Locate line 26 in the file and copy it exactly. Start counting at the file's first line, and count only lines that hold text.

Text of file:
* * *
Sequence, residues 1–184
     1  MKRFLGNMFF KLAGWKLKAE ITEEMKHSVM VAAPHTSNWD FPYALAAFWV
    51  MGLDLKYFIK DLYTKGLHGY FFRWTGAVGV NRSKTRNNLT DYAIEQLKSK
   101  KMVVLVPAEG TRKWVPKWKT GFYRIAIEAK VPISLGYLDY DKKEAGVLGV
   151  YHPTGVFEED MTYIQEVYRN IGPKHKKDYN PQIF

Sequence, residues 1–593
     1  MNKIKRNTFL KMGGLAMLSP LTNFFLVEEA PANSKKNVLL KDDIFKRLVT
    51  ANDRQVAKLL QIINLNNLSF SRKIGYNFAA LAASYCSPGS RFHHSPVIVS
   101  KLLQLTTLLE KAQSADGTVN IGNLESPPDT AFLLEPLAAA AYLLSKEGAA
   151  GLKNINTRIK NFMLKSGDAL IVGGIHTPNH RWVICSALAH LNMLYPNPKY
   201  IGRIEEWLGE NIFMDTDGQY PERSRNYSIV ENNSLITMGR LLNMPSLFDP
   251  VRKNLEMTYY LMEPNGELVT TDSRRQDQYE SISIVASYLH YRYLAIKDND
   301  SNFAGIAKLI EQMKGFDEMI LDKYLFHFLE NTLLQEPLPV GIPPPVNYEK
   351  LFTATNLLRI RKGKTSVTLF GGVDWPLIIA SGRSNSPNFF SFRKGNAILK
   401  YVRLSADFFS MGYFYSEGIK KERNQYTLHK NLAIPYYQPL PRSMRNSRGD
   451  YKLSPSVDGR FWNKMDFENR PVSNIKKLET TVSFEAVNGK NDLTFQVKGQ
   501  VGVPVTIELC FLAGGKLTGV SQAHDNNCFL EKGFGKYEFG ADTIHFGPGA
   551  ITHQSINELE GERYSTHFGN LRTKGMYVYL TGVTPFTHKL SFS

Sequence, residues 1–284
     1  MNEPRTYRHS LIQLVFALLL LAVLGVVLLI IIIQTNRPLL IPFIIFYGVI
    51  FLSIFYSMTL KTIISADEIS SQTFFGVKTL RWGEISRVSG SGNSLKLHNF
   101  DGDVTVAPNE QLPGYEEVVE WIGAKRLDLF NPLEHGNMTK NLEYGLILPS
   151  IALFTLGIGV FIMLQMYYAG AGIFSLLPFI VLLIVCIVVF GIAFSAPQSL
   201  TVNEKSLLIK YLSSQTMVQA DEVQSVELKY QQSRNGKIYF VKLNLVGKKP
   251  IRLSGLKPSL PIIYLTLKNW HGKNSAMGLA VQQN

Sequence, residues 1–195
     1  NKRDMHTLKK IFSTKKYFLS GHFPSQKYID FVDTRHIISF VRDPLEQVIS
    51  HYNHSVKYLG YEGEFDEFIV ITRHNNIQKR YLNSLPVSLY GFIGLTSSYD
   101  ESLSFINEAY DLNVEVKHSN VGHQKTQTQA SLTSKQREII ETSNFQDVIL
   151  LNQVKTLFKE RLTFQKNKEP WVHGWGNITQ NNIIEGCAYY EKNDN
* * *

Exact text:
Sequence, residues 1–195